Wahhabi propagandists have correctly identified European mosques as their main stronghold; institutions which are at times even beyond the reach of law enforcement bodies. It is thus not surprising that Wahhabi organizations strive to place sympathetic imams and other figures of authority at the helm of mosques. This kind of penetration enables them to introduce the Wahhabi agenda in an incremental, systematic and effective manner. In another article on the WML website entitled “Swiss Muslims are looking for ways to train their own Imams”, the Paris-based author Ali Salekh gives direct instructions on how to insert Wahhabi imams in European mosques without arousing the suspicions of European authorities. Salekh maintains that “…an Imam should be familiar with all aspects of life and in this or that country in order to provide fatwas that on the one hand comply with the Shari’ah, and on the other take into consideration real conditions of life in this or that country.” 
Wahhabis understand well that after 9/11, life for European Muslims has changed in many respects, not least because Muslims are now subject to greater suspicion and scrutiny. Wahhabis advise Muslims to “avoid actions that may cause suspicion and anxiety among the native population,” and to choose their imams and other figures of authority on the basis of their knowledge of local conditions, laws and values. Moreover they stress that the imams should be politically active. According to Ali Salekh, “…an Imam or a preacher in the west should not restrict his actions to the management of a mosque or issuing fatwas to the community.” Salekh advises that aside from these classical duties European imams should work and establish links with local organizations, governmental bodies, research centers and with all segments of the local population in order to promote the Islamic “mission” in Europe.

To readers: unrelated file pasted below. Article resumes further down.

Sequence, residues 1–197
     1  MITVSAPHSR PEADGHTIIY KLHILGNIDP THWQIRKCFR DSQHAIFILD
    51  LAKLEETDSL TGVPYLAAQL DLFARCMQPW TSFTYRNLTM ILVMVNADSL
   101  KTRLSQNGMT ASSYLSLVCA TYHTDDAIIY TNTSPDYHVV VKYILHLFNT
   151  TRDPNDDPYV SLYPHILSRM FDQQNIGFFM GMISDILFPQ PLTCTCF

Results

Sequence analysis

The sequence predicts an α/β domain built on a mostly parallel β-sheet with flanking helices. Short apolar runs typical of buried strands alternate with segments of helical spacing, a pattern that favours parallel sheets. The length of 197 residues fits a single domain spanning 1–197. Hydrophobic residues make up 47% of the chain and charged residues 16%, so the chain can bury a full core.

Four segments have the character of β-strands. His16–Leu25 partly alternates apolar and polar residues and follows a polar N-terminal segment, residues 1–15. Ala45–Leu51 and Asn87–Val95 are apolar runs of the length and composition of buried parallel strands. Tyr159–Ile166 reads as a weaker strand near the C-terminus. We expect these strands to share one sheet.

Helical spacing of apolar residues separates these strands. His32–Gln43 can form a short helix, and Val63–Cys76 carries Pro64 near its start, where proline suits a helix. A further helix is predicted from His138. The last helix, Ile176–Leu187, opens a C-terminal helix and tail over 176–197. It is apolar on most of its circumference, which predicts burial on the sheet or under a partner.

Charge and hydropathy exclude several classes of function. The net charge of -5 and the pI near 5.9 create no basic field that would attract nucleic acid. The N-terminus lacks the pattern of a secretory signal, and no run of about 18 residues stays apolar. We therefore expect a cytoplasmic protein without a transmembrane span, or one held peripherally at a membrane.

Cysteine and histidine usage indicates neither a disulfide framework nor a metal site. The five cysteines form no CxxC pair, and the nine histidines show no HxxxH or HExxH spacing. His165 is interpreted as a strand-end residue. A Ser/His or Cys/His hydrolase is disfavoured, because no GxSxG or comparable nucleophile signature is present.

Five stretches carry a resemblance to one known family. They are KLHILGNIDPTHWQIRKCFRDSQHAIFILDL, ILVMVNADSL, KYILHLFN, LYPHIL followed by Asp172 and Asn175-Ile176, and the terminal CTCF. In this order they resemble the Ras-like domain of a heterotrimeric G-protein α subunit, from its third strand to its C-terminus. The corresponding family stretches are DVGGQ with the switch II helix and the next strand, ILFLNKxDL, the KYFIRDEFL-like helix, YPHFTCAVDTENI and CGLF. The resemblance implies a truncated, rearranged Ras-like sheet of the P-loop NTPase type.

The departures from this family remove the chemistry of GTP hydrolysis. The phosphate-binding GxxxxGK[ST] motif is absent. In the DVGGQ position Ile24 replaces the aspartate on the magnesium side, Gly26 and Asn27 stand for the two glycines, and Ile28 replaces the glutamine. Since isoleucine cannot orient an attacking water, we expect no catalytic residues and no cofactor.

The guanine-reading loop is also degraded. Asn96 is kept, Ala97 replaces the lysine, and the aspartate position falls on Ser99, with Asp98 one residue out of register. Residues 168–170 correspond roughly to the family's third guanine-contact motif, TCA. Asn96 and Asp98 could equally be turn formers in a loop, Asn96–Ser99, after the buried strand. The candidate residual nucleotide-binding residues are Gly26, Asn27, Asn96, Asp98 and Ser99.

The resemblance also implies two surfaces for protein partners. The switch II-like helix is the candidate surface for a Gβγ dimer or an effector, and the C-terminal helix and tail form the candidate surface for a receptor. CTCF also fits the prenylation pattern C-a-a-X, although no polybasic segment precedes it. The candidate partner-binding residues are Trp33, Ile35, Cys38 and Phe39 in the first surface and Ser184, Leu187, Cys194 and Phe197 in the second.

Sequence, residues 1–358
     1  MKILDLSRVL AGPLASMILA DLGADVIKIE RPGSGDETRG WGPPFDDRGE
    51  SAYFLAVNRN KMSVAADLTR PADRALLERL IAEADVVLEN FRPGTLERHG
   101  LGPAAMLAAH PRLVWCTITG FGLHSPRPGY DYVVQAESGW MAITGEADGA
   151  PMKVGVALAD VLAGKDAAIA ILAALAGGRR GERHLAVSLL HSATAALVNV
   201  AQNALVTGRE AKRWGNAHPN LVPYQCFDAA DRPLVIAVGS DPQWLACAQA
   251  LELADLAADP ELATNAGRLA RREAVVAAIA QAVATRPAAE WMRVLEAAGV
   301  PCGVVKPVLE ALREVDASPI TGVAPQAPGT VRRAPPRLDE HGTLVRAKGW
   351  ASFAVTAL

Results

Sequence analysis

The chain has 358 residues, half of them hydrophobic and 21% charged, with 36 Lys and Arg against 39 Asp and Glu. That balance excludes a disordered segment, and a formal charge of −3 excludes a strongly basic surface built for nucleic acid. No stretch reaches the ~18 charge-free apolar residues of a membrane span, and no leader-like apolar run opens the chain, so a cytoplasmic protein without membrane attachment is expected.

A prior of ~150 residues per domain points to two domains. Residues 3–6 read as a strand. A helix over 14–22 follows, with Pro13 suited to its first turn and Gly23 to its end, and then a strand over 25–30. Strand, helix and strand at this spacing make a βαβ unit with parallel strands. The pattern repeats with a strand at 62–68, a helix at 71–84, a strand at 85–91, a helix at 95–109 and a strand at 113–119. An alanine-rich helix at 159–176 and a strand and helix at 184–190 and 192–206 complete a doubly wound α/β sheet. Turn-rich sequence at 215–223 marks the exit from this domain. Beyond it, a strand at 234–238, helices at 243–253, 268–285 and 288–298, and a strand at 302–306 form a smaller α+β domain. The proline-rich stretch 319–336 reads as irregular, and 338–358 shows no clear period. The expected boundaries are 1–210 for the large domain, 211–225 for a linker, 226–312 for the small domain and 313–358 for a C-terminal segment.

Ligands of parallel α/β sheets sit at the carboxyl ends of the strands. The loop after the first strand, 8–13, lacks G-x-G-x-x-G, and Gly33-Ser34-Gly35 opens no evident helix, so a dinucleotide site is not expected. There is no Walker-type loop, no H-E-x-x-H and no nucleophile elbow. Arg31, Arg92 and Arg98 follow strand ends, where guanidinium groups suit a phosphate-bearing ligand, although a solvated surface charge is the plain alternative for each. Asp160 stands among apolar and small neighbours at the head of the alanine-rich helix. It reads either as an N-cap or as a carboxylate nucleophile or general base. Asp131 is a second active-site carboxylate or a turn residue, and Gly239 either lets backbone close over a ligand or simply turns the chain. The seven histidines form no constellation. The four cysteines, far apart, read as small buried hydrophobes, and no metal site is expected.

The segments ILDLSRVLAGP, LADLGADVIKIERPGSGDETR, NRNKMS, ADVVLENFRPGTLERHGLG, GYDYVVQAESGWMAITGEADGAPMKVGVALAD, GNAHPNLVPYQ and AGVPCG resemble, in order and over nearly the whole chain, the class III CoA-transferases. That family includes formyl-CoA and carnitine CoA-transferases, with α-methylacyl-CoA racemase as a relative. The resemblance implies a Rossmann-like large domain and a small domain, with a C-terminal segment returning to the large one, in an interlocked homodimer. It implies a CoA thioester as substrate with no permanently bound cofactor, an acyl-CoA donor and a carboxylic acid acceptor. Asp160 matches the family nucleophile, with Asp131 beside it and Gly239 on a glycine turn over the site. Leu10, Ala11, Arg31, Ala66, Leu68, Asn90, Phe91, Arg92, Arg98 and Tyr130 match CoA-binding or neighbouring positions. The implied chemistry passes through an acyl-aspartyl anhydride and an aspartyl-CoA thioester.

The broadly ineffective and negative policy of European governments toward their Muslim citizens from the 1960s-80s was replaced in the 1990s by a policy of appeasement towards the Muslim extremist organizations. Arguably this has been the single most important factor in the growth of Wahhabism and other forms of extremist Islam in Europe. Therefore it is not altogether surprising that the 9/11 attacks were planned in Europe. It is also not surprising that perhaps as many as 700 insurgents in Iraq are European Muslims. Among them was Abu Muhammad al-Lubnani, the most senior emir of the Zarqawi network, who made his way to Iraq from Denmark and recently perished there.
Dr. Evgenii Novikov, an expert on Islam and on the politics and economics of the Persian Gulf region, is a Senior Fellow of The Jamestown Foundation.
1. “Muslim World League (PO Box 537, Makkah) was founded in 1962 (1381/82 AH) to promote Islamic unity.” From the Saudi Arabia Information Resource Website http://www.saudinf.com/main/k312.htm
2. For more information, see “Islam in Jail: Europe’s Neglect Breeds Angry Radicals” By Craig S. Smith, New York Times, December 8, 2004.
3. Presentation at the American Enterprise Institute: Saudi Government Propaganda in the United States: Avowed Ally or Secret Enemy? February 16, 2005.
4. “Daur al-ra’id li-saudiyyah fi nashar samahat al-Islam fi-l-gharb” (Leading Role of Saudi Arabia in the Dissemination of Islam’s Holy Heritage in the West) Al-`Alam al-Islami, (The Muslim World). Issue # 1868, December 6, 2004.
5. Al-`Alam al-Islami, (The Muslim World). Issue # 1868, December 6, 2004.